A New Implant Uses Light to Improve Bladder Control
The future of bioelectronic medicine is looking a little brighter thanks to an LED implant which uses light to control nerve cells in the bladder.
A new device which uses light to control nerve cells, a technique known as optogenetics, could offer millions of people improved bladder control. Mice with medically-induced overactive bladders experienced a decrease in their frequent need to pee after they had been implanted with the device, according to research published Wednesday in the journal Nature.
An many as 33 million people in the United States may have overactive bladders. One common treatment method involves stimulating the bladder nerves using implants, but these can often shock more than just bladder nerves and some require frequent doctors visits or an external battery pack.
The new device offers an improvement over these methods, as it charges wirelessly without the need for external batteries. Light emitted from the device also stimulates only nerve cells located in the bladder and only when needed.
Controlling the bladder nerves with light requires an injection of a harmless virus which produces a light-activated protein called archaerhodopsin 3.0, or Arch. A sensor wrapped around the bladder tracks how many times users urinate. If it’s more than three times an hour the LED on the implant activates. The green light stimulates the Arch protein in the bladder nerve cells and prevents them from sending so many “full bladder” signals.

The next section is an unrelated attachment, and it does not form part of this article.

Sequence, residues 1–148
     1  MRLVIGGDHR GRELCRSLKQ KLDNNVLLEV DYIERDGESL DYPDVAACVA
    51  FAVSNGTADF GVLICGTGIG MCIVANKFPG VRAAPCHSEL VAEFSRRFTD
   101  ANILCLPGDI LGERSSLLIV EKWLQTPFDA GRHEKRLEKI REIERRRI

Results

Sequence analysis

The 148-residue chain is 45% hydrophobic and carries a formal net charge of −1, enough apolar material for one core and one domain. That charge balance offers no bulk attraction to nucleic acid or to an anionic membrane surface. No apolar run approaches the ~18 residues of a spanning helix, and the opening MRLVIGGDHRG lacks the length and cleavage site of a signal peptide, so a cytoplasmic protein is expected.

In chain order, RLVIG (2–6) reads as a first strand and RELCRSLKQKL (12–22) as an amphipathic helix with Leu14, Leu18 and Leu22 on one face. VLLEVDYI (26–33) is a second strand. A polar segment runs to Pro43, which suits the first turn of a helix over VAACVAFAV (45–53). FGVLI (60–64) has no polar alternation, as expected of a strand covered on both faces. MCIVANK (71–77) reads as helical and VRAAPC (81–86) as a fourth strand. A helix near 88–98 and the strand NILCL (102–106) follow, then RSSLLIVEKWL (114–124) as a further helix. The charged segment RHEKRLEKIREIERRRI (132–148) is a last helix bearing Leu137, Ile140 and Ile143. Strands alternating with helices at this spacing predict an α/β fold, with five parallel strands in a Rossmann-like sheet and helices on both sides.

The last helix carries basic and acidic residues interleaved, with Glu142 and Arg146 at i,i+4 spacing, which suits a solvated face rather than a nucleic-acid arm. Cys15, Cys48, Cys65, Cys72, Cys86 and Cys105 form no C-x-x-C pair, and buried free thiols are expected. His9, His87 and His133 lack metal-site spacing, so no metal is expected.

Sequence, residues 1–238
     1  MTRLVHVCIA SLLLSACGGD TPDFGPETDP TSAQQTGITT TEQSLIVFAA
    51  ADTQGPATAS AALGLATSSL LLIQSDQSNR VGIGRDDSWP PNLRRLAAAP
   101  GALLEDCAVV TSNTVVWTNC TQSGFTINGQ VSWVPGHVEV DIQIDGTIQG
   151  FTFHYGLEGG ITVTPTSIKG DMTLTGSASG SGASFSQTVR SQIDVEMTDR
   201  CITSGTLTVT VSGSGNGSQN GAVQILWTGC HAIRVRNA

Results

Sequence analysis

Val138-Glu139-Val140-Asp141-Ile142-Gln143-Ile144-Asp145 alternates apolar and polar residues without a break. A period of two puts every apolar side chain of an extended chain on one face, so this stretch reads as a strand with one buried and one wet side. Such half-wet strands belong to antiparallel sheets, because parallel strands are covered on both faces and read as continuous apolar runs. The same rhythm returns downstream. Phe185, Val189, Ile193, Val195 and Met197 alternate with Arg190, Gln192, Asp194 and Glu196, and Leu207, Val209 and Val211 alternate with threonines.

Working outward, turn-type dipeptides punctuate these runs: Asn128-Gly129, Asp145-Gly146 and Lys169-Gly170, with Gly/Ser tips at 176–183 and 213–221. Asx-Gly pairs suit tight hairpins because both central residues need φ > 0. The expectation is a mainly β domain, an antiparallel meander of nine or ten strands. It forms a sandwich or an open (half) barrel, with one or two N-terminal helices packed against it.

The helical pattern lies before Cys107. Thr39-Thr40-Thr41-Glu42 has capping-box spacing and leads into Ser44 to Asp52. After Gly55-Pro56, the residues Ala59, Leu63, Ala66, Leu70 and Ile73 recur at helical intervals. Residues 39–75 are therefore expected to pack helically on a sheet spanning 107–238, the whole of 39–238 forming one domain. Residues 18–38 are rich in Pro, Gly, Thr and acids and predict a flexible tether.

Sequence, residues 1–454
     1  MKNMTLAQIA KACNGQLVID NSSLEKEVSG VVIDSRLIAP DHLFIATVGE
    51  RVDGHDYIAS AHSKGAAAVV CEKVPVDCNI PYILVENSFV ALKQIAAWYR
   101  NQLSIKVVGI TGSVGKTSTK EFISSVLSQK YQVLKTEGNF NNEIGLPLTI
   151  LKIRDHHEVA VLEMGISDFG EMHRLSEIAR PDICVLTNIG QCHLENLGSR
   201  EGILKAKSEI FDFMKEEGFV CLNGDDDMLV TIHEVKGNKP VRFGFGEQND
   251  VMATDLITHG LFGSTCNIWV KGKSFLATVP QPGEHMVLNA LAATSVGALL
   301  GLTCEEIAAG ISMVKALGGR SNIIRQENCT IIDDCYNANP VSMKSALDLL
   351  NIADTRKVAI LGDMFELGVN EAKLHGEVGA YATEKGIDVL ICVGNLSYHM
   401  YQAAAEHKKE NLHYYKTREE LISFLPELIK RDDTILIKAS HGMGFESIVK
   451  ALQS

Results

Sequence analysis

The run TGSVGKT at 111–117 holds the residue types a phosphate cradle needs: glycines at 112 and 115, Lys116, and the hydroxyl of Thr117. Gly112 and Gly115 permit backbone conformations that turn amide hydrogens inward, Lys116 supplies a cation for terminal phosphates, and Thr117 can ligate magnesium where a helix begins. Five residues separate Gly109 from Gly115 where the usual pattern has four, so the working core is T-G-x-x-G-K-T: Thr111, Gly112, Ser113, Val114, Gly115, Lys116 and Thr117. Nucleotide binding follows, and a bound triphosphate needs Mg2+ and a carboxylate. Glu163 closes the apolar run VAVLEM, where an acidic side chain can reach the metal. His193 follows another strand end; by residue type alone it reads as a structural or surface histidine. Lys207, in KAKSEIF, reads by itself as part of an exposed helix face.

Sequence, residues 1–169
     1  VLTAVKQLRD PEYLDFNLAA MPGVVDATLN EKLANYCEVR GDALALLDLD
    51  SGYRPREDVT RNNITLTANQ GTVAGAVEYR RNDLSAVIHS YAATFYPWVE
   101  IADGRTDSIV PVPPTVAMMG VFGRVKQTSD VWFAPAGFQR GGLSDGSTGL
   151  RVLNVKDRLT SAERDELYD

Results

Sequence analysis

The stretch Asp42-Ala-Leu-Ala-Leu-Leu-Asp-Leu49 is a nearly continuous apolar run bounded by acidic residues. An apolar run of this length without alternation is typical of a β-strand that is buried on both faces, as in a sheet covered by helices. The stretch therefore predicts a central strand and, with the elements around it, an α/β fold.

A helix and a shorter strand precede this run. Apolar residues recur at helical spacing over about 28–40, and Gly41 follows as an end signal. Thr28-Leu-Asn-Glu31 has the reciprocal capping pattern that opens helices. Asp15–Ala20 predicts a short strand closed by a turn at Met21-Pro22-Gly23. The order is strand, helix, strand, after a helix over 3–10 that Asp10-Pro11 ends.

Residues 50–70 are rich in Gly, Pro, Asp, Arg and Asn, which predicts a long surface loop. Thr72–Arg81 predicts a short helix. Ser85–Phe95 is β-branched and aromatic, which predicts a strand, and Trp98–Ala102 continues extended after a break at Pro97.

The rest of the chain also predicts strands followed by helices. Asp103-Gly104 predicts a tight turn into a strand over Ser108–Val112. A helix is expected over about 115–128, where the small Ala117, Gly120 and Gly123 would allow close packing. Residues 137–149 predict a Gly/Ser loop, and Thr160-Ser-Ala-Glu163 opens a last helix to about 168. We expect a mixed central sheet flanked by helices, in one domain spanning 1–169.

Although tests are promising in rodents the devices aren’t quite ready in humans. Mice bladders and human bladders are, as you may have guessed, somewhat different. Researchers believe that in humans a red light may be more efficient than a green light because of the denser tissue, for example. It’s also possible someone using the device might develop an allergy or reject the Arch protein, causing further issues with faulty bladder signals from nerve cells. More long-term studies will need to be conducted before the implant is ready for humans, but the preliminary results are a glimmer of hope.